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In an ideal world, the $339 LaCie should have installed quickly and easily; FireWire and USB are both hot-pluggable interfaces, plus Windows provides the drivers and LaCie supplies both FireWire and USB cables. A Windows 98 SE or Me system should recognize the drive easily.
Unfortunately, the LaCie drive installation was troublesome under Windows 98 SE. Even with a capable Adaptec 4300 SPB2-compliant FireWire adapter, connecting the LaCie drive resulted in repeated problems. Windows recognized the new device, but the drivers failed to load, and blue-screen fatal-exception errors occurred each time the drive was connected. A call to LaCie technical support finally helped to correct the trouble: The drive needed to be turned off and then on again. The USB connection was a bit more forgiving, but it took USB driver updates from the LaCie Web site to make Windows 98 SE recognize the device. As if this weren't unfriendly enough, documentation is also sparse--so novices should definitely shy away.
The 161040's companion CD is light on tools. The LaCie CD carries just a few basic utilities, such as Easy CD Creator 4.03 and DirectCD 3.03; Mac users get Toast 4.1.2 and SilverLining Pro 6.4f2. But if you've used CD-R/RW drives in the past, chances are that you already have such tools on your system.
Third, at best
In CNET Labs' tests, the LaCie was generally a disappointment. It lagged behind the TEAC CD-W516E, the QPS Que Fire 16X/10X/40X, and the Plextor PlexWriter 16/10/40A in everything except audio recording. For both the 400MB packet-writing test from hard drive to CD-RW and the 500MB single-session data burn, the LaCie was the slowest of all the drives. Audio operation was a bit more competitive; the 161040 extracted a 27-minute audio track in an average of 72.14 seconds--still a few seconds slower than the QPS and the Plextor. Also, the 161040 burned a 43-minute audio CD in just 3.8 minutes--faster than the QPS but slower than the TEAC or the Plextor. The LaCie managed to install Office 2000 SBE in about 4.2 minutes, a minute longer than the TEAC and Plextor drives and only slightly shorter than the QPS.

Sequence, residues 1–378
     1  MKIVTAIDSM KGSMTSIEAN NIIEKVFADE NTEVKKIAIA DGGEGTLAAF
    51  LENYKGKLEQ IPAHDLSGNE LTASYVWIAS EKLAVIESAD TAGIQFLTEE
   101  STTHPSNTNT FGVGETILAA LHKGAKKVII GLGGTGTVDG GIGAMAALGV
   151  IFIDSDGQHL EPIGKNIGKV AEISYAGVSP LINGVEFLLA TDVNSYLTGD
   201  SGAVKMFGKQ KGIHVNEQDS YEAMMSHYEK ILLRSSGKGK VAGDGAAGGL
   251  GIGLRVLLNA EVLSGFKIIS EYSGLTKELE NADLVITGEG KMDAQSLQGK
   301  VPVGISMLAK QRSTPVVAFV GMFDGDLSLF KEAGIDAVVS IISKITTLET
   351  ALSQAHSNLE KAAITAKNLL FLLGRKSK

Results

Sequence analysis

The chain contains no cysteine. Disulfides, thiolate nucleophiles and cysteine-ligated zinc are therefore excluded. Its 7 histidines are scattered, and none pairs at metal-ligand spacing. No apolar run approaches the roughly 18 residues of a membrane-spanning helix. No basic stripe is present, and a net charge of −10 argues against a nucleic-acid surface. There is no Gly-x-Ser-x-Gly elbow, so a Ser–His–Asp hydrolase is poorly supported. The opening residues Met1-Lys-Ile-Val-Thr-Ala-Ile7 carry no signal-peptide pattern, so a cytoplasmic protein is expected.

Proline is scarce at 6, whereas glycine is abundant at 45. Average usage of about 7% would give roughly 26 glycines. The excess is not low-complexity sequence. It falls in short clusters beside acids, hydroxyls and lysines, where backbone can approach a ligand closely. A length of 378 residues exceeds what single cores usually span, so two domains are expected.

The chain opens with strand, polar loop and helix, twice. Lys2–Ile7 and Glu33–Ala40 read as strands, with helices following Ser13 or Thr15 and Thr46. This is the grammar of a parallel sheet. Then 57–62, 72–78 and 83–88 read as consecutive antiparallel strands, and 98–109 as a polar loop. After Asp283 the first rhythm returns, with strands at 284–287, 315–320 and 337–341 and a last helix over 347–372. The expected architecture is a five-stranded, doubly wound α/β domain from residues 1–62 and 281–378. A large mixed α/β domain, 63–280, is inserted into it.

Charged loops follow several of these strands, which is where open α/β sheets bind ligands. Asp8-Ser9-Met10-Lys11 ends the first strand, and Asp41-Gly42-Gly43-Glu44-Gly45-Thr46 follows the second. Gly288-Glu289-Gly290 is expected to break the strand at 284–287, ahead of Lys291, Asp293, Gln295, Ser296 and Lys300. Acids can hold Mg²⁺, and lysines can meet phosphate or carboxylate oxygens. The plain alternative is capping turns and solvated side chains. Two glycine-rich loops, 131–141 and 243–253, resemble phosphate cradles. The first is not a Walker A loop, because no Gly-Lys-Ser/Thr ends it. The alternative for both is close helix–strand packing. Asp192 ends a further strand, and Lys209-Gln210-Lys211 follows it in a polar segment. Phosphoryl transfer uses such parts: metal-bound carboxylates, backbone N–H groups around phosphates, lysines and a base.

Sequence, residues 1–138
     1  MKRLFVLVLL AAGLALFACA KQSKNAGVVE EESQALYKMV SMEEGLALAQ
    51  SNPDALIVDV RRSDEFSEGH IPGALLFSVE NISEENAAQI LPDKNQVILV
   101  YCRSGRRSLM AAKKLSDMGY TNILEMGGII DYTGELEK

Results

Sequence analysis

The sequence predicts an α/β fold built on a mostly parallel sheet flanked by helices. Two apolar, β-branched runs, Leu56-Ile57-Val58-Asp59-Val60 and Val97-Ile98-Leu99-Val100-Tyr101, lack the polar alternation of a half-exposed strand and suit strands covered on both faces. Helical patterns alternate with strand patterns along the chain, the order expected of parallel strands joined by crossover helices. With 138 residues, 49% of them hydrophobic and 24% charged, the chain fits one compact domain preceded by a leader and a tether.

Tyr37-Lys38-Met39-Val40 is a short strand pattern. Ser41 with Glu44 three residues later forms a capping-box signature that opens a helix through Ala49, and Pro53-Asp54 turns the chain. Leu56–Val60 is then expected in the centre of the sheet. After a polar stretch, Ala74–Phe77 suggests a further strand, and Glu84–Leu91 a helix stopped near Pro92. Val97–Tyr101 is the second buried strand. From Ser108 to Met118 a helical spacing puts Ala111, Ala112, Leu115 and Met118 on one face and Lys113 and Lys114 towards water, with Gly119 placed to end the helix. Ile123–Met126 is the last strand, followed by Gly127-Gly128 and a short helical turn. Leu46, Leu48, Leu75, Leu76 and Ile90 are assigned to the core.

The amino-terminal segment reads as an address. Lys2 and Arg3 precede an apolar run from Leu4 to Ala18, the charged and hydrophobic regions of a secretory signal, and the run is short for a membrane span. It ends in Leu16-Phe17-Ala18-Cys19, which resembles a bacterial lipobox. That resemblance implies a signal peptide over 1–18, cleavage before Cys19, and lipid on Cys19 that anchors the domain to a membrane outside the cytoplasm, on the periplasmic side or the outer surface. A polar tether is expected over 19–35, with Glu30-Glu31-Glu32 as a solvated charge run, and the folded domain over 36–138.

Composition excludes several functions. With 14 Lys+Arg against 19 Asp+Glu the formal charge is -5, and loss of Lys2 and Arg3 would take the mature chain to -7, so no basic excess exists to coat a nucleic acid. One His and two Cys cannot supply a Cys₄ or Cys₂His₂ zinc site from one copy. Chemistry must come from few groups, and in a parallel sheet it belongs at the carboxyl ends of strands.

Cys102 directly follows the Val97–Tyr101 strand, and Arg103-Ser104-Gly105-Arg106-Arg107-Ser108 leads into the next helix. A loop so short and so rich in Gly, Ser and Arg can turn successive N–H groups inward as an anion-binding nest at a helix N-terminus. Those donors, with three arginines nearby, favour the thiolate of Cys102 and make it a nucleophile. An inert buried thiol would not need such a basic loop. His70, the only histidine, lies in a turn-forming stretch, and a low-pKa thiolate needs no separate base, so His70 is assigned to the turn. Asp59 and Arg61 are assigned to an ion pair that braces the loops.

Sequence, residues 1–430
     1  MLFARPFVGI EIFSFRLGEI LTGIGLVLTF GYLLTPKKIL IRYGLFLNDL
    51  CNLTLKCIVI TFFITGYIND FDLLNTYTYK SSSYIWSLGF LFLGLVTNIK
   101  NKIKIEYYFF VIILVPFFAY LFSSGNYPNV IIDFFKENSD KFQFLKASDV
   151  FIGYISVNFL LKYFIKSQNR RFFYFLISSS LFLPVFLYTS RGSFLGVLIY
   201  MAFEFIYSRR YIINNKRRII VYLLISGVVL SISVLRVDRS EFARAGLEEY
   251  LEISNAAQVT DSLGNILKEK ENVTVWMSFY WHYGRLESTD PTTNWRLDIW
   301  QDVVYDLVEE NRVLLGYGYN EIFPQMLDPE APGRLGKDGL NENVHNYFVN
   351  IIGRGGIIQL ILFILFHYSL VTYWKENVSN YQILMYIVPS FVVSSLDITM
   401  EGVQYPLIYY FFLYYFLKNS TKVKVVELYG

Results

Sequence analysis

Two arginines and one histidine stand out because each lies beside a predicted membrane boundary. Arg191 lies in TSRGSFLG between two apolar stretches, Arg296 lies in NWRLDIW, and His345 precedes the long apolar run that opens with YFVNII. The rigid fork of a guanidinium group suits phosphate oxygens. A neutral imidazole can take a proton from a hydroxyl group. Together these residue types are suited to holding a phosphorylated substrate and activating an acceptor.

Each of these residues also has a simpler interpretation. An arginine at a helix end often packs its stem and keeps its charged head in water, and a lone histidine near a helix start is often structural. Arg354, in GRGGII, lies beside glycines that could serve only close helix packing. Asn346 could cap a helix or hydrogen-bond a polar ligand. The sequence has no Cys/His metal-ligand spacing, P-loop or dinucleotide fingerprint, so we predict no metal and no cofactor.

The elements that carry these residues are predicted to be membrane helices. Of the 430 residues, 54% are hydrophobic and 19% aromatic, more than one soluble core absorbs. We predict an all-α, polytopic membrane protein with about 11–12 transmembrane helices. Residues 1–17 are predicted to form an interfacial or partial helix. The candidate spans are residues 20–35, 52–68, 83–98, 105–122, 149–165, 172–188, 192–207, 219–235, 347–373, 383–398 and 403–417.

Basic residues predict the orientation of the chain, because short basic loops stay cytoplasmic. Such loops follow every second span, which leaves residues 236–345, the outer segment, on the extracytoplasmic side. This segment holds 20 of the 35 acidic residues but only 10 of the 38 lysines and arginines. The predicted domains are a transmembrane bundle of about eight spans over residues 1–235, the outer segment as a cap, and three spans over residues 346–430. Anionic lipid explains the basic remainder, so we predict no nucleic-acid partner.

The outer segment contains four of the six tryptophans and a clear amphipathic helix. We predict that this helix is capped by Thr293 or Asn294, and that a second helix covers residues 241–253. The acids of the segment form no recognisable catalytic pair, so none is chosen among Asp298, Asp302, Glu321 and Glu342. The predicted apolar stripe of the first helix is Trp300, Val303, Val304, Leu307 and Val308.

Like its performance, the LaCie's service and support fall short. Your purchase of the LaCie 161040 gets you a brief (but typical) one-year warranty. Free phone support (but not toll-free) is available for the United States, Canada, and Australia and has somewhat extended hours: in North America, 6 a.m. to 6 p.m. Monday through Friday and Saturday 8 a.m. to 12 noon PT. Driver updates, e-mail support, and Web support are available 24/7 online. LaCie's site appears to have little real troubleshooting aid at first glance, but with a little digging, you can find FAQs and some basic troubleshooting tips.
The LaCie drive worked as a FireWire drive and a USB drive (once the drivers were updated), but it was easily outperformed by the internal CD-R/RW drives on almost every test. The sparse utilities and thin documentation make the drive rather intimidating for beginners--especially if the drive doesn't like your FireWire card. Unless you have a particular need for the external connection schemes offered by FireWire and USB, opt for one of the faster, internal drive models.